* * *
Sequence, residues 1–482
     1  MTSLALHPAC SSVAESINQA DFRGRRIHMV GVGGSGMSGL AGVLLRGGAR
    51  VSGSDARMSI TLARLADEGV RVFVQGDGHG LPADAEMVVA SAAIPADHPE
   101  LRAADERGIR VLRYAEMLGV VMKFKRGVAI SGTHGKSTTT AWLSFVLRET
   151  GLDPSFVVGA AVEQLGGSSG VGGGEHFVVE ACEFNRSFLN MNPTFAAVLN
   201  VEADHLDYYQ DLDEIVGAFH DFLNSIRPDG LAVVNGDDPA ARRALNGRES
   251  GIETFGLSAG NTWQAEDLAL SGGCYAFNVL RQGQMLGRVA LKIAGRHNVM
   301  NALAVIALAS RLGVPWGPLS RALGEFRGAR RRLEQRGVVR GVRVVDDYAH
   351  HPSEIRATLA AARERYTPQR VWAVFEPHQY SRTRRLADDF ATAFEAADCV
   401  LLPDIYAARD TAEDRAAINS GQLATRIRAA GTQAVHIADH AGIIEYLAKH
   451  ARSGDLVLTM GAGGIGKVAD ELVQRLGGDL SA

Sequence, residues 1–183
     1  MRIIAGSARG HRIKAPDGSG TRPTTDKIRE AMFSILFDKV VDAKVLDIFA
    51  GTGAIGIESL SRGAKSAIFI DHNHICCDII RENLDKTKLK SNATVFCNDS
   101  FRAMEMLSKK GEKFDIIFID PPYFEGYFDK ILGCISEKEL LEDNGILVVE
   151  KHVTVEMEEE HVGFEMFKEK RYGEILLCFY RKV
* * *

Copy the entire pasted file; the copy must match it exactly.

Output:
Sequence, residues 1–482
     1  MTSLALHPAC SSVAESINQA DFRGRRIHMV GVGGSGMSGL AGVLLRGGAR
    51  VSGSDARMSI TLARLADEGV RVFVQGDGHG LPADAEMVVA SAAIPADHPE
   101  LRAADERGIR VLRYAEMLGV VMKFKRGVAI SGTHGKSTTT AWLSFVLRET
   151  GLDPSFVVGA AVEQLGGSSG VGGGEHFVVE ACEFNRSFLN MNPTFAAVLN
   201  VEADHLDYYQ DLDEIVGAFH DFLNSIRPDG LAVVNGDDPA ARRALNGRES
   251  GIETFGLSAG NTWQAEDLAL SGGCYAFNVL RQGQMLGRVA LKIAGRHNVM
   301  NALAVIALAS RLGVPWGPLS RALGEFRGAR RRLEQRGVVR GVRVVDDYAH
   351  HPSEIRATLA AARERYTPQR VWAVFEPHQY SRTRRLADDF ATAFEAADCV
   401  LLPDIYAARD TAEDRAAINS GQLATRIRAA GTQAVHIADH AGIIEYLAKH
   451  ARSGDLVLTM GAGGIGKVAD ELVQRLGGDL SA

Sequence, residues 1–183
     1  MRIIAGSARG HRIKAPDGSG TRPTTDKIRE AMFSILFDKV VDAKVLDIFA
    51  GTGAIGIESL SRGAKSAIFI DHNHICCDII RENLDKTKLK SNATVFCNDS
   101  FRAMEMLSKK GEKFDIIFID PPYFEGYFDK ILGCISEKEL LEDNGILVVE
   151  KHVTVEMEEE HVGFEMFKEK RYGEILLCFY RKV